YOU ARE HERE: LAT HomeCollectionsSpirit Airlines

Spirit Airlines

January 13, 2012 | By Hugo Martin
Brent Hopkins, a Michigan marketing manager, was so annoyed that a carry-on suitcase cost him $90 in baggage fees on Sprit Airlines that he launched a business to help other passengers sidestep the charges. Florida-based Spirit Airlines introduced in 2010 a fee of up to $45 for carry-on luggage that cannot fit in the space under the seats. The fee met with outrage, including threats from several lawmakers to impose a special tax on revenue collected from such fees. Instead of fuming, Hopkins created CarryOn Free, an online company that manufactures suitcases that fit the exact dimensions of the space under the Spirit seats.
April 20, 2014 | By Hugo Marti­n
If you thought airlines could find no new ways to squeeze more passengers into each plane, you are underestimating the resolve of the airline industry. At this month's Aircraft Interiors Expo in Hamburg, Germany, many of the 500 exhibitors were promoting new ideas to cut down on weight - to save fuel - and innovative layouts to fit more seats per cabin. Among the concepts offered at the expo was a set of seats that put passengers face to face; seats that are installed in a staggered, diagonal layout, and lavatories designed to wedge in a few extra passengers in the back of the cabin.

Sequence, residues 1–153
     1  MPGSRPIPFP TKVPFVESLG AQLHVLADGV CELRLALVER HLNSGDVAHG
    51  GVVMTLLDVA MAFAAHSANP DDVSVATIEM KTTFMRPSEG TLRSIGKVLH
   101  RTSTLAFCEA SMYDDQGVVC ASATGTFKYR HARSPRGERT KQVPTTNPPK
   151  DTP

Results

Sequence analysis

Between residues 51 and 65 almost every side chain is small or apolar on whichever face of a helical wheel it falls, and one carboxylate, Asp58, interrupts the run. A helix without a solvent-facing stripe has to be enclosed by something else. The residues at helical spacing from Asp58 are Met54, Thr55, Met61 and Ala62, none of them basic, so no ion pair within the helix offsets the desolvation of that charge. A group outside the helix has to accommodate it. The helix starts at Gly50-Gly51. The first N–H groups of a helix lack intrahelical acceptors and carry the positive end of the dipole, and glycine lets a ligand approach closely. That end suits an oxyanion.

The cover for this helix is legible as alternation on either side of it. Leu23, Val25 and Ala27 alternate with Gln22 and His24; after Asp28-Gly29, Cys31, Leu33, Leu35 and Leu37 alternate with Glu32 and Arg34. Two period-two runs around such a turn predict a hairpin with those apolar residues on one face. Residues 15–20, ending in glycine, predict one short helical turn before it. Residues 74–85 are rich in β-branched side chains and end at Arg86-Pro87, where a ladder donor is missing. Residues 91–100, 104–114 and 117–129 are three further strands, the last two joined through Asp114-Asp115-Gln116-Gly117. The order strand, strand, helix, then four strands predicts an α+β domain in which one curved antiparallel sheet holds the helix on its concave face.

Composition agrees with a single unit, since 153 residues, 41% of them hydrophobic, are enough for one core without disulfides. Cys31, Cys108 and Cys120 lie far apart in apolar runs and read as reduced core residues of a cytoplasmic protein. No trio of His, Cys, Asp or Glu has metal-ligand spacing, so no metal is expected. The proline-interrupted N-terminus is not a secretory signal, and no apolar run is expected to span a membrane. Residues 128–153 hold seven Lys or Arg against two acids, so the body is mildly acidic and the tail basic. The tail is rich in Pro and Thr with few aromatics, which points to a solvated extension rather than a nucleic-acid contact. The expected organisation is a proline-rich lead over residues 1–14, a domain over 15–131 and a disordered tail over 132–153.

January 1, 2012 | By Hugo Martin
Fly from Albuquerque to Tucson on Southwest Airlines for $59, from Asheville, N.C., to Orlando on Allegiant Air for $49, or from Boston to Chicago on Spirit Airlines for only $9. If these fares seem too good to be true, that's because they are. An asterisk accompanies the online ads for the fares, with the fine print indicating that additional fees and taxes apply. In some cases the additional charges raise the final ticket price by 20% or more. Starting Jan. 26, no more asterisks.
January 26, 2012 | By Mary Forgione, Los Angeles Times Daily Travel & Deal blogger, This post has been updated. See below for details
If airfares seem a little higher than usual, it's not because the airlines have raised their prices. The Department of Transportation's long-awaited new rules on what airlines can advertise as posted ticket prices go into effect Thursday. I think of it as the "no surprises" rule. The biggest change: Published airfares (online, on billboards, in print, over the phone) must include all taxes and fees. The idea is that consumers looking for the lowest airfare won't be misled by super-low prices that increase exponentially after fees and taxes are added on. The rule applies to airlines, ticket agents and online travel booking sites like Expedia, Orbitz, etc. Kayak, however, already publishes the total cost of airfares on its site.
October 28, 2012 | By Hugo Martin